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May 23, 2023

The many reasons behind tattoo removal, according to a specialist

More people are removing their ink, as evidenced by a new Removery location in Cinnaminson. 'People are changing their outside to reflect who's on the inside now'

Lifestyle Tattoos
tattoo removal.jpg Provided image/Removery

Removery, which just opened its fifth location in the wider Philly area, eliminates tattoos with picosecond lasers.

Over 13 years of lasering off people's tattoos, Carmen VanderHeiden Brodie has seen her share of ill-advised ink. The dolphin lower back tattoos, infinity symbols, Luke Skywalker quotes, even a design someone got on a dare that she hazily remembers as "a skull on a keg stand."

But she also knows that tattoo removal is about much more than blasting a regrettable mustache off your index finger. It's about helping people move on to the next phase of their lives.

"People are changing their outside to reflect who's on the inside now," she said. "If you think about yourself and how much you've changed in the last five years, 10 years, 20 years, it's a lot. All of our clients have put something on the outside that very much represented who they were then and what they believed or what they thought was good, what art was good at that point. 

"Things have have evolved and we help them with that evolution."

VanderHeiden Brodie is the vice president of clinical operations at Removery, a tattoo removal studio with 148 locations across the U.S., including five in the wider Philadelphia area. (The newest one, in Cinnaminson, opened Tuesday.) It's just one piece of the larger tattoo removal market, which is expected to grow dramatically over the next four years. Current market research predicts a compound annual growth rate of 19.3% between 2020 and 2027, with a particular emphasis on laser treatment, which is what Removery offers.

Over a series of sessions, specialists at Removery eliminate unwanted tattoos with laser beams, breaking up the ink particles in concentrated bursts. The process usually takes multiple months and at least $1,000 to complete, but for patients seriously seeking tattoo removal, the hurdles are worth it. VanderHeiden Brodie says customers have usually thought about the procedure for three to five years before they book their first consultations.

"The amount of time that somebody thinks about getting removal is generally a very, very long time," she said. "[First] they'll see if they can live with it. Lots of 'em will try to cover it up first and that never works. Then they end up with something double as big and double as dark, and they hate that even worse.

"So once they come into the consultation and have made the time commitment to come in, they're usually pretty ready to go."

When they sit down for their first treatments, patients can expect a relatively painless process akin to hair removal or "a really strong rubber band snap," VanderHeiden Brodie says. Complications might arise if they don't properly shield the affected area from the sun in between sessions — on average, a tattoo removal requires 10–12 — but the procedure does not leave scarring. Removery uses picosecond lasers which, as their name would imply, work quickly. Sessions can take as little as 15 minutes.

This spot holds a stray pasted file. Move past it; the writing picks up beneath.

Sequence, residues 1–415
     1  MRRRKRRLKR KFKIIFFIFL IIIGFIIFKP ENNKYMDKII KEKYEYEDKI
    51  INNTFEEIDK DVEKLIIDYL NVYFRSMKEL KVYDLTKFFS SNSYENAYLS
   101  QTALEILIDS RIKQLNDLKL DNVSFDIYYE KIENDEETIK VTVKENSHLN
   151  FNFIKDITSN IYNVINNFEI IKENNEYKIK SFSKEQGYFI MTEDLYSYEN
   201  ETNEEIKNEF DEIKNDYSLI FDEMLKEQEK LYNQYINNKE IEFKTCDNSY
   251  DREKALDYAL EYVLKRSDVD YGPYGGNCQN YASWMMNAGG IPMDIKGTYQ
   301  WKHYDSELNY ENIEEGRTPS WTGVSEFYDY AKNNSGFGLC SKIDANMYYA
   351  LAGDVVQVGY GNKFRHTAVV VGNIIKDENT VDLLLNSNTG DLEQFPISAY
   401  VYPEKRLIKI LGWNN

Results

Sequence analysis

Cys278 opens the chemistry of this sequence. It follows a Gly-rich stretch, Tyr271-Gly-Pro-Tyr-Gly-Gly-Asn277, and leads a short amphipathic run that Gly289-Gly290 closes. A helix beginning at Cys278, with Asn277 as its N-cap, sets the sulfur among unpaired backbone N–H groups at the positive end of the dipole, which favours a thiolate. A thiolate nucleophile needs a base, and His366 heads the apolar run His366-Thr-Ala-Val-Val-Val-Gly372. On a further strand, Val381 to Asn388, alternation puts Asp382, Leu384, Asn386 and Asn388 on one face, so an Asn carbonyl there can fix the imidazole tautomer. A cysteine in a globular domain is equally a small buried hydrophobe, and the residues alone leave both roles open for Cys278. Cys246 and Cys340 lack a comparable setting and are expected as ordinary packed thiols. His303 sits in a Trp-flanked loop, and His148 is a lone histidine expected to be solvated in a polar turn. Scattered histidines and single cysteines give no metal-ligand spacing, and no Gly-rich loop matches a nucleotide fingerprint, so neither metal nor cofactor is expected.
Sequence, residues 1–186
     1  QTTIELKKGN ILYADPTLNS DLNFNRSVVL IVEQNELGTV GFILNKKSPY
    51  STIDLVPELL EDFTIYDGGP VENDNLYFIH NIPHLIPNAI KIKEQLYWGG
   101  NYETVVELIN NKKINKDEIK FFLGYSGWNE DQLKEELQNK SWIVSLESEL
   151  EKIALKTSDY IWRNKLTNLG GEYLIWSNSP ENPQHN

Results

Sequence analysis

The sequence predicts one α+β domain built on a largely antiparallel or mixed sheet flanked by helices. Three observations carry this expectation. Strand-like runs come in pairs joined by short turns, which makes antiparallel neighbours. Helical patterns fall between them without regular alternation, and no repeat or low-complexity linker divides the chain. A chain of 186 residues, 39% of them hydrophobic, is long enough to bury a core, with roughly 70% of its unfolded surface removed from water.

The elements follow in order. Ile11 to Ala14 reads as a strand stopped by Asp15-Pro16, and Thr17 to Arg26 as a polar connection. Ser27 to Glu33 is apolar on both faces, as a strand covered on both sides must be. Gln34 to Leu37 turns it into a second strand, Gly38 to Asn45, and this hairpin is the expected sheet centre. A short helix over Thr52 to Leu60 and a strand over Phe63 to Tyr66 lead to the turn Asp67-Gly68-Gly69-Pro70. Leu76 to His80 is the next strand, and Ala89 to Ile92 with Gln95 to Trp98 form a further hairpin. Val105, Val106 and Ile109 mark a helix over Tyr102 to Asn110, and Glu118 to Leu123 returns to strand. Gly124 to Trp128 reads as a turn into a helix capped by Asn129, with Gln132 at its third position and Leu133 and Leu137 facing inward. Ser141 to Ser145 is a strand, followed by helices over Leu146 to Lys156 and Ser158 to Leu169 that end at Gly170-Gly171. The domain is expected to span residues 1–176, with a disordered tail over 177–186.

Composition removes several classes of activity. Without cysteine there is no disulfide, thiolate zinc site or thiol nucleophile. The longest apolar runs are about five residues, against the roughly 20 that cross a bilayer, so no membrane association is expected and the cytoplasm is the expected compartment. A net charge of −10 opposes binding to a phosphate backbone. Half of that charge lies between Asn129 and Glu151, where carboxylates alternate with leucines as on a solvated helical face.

The people who walk through the company's doors might be there for the reasons you'd expect: a youthful mistake or failed relationship. But messy breakups account for less than a quarter of business, VanderHeiden Brodie says. Someone might seek removal instead for dated artwork or a poor application. In multiple videos on Removery's YouTube channel, patients describe a design that wasn't really the style they wanted, or came out larger than they envisioned. Other customers are so-called "collectors," enthusiasts so covered in ink that they simply need to free up space for their next tattoos. 

But patients might also be putting something more serious behind them, like time in prison or horrific abuse.

"People who have formerly been incarcerated, formerly part of sex trafficking, maybe in prison in order to survive, got a tattoo that's not who they are," VanderHeiden Brodie says. "It's not what they would've chosen on the outside, but for survival purposes they put something on and are now reentering society."

For these patients — especially those with what industry pros call "job-stopper tattoos" along the face, hands or neck — Removery may cover the cost of their removal sessions through the INK-initiative program. Applications require a letter of recommendation from an advocate, like a social worker or parole officer, who can attest to the individual's "community-based support to move forward." Qualifying examples of tattoos include not just gang insignia but symbols of hate, like a swastika.

"They're not tattoos, they're scars," a patient named Robin, who was in an abusive relationship with a neo-Nazi for two years, says in one video

VanderHeiden Brodie says the business has changed a lot since she started. The technology was nanosecond lasers, not picosecond lasers, that were tougher on the skin. She also knows why people still think the procedure leaves scarring — because tattoo removal did, before there were lasers specifically designed for body art. 

But now, advancements are making the service more accessible to more people.

"I'm an old grandma in the industry," she laughs. "So it's just really cool to see how the industry has advanced and changed in the amount of time I've been in [it], and how much more we know now than way back in the day when I started."

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